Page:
An open marketplace plays a part in more areas than most people realize. The role is often overlooked in the areas of segregation and discrimination. Supporters of free markets support the right to associate with whoever you wish, while at the same time abhor individual liberties being taken away based on race or an association to other groups. So where is the line? Can the two ever truly within a free market, absent of coercion?
Originally recorded in 1987, economist Jennifer Roback had studied the economics of discrimination for years. What role does the free market have in alleviating discrimination? “Well, there’s certainly no question in my mind that the marketplace can do a great deal more than the common person gives it credit for. And so I think that it’s, it’s not quite fair to say well let the market take care of it and everything will be fine. That’s not quite true, but it’s a lot closer to being true then what most people think. And the reason it’s not quite true to say let the market take care of it is that the market itself is embedded in a whole set of legal and cultural institutions and you have to address those. And that’s what’s so challenging about this line of research, is that you can’t just say well let the market take care of it and you’re finished with your story, that can’t be the end of the story. You have to ask what legal institutions support the market. What do we mean by a contract? What do we mean by a legal remedy and so forth?”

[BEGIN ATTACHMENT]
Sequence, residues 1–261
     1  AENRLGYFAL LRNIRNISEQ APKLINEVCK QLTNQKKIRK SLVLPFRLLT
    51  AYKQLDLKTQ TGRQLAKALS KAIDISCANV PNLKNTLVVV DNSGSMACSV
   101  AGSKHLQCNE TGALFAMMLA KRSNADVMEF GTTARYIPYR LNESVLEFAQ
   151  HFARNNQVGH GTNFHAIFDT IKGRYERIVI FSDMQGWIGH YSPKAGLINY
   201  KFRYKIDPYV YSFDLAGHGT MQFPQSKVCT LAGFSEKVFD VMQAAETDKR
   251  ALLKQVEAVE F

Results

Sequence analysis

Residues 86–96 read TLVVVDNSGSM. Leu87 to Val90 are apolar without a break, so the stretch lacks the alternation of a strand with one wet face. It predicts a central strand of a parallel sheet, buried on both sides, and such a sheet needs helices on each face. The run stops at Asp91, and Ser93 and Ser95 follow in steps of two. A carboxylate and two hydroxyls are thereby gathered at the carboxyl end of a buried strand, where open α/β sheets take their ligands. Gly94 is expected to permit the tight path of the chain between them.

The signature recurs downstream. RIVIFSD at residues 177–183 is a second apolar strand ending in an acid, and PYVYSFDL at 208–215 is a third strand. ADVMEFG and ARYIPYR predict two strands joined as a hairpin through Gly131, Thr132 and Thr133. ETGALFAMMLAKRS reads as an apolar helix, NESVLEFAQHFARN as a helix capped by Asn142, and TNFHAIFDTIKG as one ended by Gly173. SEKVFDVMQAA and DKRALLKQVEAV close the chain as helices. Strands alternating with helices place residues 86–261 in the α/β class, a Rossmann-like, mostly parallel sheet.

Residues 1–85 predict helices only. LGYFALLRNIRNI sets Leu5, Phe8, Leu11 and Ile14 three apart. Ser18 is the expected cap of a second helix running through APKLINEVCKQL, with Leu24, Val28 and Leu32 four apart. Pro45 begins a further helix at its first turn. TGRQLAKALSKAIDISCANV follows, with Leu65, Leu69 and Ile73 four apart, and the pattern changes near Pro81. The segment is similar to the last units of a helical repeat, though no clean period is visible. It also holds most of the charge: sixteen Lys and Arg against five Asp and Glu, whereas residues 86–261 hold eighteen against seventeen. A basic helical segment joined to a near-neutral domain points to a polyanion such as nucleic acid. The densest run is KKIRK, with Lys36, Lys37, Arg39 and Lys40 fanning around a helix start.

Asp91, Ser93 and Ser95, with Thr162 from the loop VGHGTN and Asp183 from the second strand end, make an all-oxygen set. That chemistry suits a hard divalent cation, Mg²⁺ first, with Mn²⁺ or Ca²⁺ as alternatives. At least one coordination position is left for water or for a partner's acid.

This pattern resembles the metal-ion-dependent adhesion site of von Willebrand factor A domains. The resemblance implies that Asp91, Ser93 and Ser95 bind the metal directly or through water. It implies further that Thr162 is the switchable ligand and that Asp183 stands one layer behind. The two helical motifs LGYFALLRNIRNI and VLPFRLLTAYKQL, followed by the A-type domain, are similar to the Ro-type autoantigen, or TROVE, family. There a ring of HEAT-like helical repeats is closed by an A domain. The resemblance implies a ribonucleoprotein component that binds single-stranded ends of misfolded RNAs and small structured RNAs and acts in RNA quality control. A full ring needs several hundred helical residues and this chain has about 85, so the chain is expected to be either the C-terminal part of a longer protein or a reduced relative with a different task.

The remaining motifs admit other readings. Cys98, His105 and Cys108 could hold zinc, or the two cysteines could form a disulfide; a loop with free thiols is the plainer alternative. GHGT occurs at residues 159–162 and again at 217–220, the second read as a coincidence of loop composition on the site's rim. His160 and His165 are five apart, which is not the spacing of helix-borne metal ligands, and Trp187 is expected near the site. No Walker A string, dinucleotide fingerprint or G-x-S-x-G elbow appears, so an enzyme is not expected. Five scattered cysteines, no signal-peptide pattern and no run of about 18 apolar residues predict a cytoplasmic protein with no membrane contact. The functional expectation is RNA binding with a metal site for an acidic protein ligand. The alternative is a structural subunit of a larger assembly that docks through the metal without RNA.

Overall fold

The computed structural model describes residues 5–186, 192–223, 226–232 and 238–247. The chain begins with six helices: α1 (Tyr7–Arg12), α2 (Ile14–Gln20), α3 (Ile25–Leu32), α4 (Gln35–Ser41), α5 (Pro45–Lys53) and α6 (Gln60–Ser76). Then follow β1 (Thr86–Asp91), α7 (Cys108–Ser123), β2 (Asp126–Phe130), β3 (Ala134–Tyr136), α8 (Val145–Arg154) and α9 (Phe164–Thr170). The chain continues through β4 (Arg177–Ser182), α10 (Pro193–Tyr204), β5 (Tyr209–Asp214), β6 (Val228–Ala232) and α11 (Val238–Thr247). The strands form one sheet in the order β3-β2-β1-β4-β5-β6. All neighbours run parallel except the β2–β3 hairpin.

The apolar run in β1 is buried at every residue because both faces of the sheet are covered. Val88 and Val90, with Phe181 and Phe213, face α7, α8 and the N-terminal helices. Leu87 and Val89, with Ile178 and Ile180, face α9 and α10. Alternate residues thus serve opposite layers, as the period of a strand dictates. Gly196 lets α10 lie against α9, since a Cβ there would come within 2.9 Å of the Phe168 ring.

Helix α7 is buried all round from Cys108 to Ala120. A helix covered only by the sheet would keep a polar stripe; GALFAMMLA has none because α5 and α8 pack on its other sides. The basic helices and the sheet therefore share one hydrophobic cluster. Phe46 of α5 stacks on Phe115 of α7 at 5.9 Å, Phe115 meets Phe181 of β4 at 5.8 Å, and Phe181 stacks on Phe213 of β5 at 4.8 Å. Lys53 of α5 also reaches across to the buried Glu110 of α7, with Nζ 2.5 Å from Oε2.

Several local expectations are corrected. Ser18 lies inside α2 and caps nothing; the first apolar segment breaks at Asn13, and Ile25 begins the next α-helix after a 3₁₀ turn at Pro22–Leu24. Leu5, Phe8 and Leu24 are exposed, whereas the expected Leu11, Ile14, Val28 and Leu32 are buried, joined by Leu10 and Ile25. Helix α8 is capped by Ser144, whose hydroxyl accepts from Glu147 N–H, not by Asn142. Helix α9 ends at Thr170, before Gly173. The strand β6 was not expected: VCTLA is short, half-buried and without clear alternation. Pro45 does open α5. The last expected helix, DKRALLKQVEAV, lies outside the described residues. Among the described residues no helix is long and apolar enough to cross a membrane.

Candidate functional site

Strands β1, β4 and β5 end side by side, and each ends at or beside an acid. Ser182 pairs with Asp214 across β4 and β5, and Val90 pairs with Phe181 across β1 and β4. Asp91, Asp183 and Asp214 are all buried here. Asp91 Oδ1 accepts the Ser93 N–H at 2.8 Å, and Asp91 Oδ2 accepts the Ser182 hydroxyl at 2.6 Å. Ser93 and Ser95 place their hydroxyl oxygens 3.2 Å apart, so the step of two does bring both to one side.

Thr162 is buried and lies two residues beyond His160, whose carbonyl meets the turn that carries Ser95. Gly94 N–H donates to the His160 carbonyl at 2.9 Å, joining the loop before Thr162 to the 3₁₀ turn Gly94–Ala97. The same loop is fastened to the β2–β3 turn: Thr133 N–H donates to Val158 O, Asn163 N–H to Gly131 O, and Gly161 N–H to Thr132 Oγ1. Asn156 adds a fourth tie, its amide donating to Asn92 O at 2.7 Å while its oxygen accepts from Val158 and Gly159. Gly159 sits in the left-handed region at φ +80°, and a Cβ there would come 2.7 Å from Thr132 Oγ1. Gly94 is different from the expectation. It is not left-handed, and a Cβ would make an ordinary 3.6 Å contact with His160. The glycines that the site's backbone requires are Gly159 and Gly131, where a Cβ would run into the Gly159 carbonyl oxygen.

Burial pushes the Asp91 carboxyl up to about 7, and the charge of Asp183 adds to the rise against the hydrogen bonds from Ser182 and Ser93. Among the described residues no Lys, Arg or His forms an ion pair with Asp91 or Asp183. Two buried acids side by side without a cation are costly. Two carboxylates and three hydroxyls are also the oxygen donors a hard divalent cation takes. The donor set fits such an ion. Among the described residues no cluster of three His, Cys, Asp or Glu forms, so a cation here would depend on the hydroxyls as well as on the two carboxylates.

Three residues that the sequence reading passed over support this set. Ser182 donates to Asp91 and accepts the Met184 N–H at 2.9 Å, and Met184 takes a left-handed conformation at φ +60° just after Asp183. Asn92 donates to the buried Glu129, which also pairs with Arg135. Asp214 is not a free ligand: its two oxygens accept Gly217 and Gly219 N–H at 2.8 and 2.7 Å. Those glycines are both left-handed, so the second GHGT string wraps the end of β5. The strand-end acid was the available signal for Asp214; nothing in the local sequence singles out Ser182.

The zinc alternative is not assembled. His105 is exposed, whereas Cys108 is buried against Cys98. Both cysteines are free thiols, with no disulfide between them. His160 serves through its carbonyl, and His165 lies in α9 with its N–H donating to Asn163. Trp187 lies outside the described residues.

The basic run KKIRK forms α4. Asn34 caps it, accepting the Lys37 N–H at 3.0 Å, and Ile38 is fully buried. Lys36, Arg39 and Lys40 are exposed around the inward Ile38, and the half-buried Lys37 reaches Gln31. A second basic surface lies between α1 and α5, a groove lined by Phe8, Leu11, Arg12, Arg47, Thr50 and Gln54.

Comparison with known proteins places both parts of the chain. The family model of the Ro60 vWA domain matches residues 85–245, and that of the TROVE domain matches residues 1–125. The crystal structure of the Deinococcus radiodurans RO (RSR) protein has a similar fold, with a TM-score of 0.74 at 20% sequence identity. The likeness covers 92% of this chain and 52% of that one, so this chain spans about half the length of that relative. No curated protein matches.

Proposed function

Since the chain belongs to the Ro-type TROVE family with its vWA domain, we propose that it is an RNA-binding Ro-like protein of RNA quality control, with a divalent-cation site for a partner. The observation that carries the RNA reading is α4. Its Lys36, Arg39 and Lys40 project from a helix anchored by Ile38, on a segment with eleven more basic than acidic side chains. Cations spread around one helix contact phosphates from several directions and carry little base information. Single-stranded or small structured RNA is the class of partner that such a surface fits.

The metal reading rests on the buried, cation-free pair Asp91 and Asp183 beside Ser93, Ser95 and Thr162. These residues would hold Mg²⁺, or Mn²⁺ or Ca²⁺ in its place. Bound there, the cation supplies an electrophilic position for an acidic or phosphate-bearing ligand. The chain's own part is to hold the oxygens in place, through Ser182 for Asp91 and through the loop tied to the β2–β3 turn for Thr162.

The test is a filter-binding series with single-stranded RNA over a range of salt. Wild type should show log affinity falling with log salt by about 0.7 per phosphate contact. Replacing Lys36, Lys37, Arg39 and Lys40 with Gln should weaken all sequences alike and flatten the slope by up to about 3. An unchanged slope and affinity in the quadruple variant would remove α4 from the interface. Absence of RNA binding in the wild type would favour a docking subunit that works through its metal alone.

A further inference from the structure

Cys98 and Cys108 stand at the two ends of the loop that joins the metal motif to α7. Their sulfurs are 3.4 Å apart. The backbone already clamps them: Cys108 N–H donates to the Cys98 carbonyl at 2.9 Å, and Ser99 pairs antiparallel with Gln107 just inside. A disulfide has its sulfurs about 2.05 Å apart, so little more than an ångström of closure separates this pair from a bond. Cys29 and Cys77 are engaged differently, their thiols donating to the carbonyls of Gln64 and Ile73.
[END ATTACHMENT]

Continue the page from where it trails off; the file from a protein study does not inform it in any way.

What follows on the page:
Join this 1987 conversation as Roback discusses the intricacies of this touchy subject in the latest episode of the Free To Choose Media Podcast, Jennifer Roback.
Original Record Date: 1987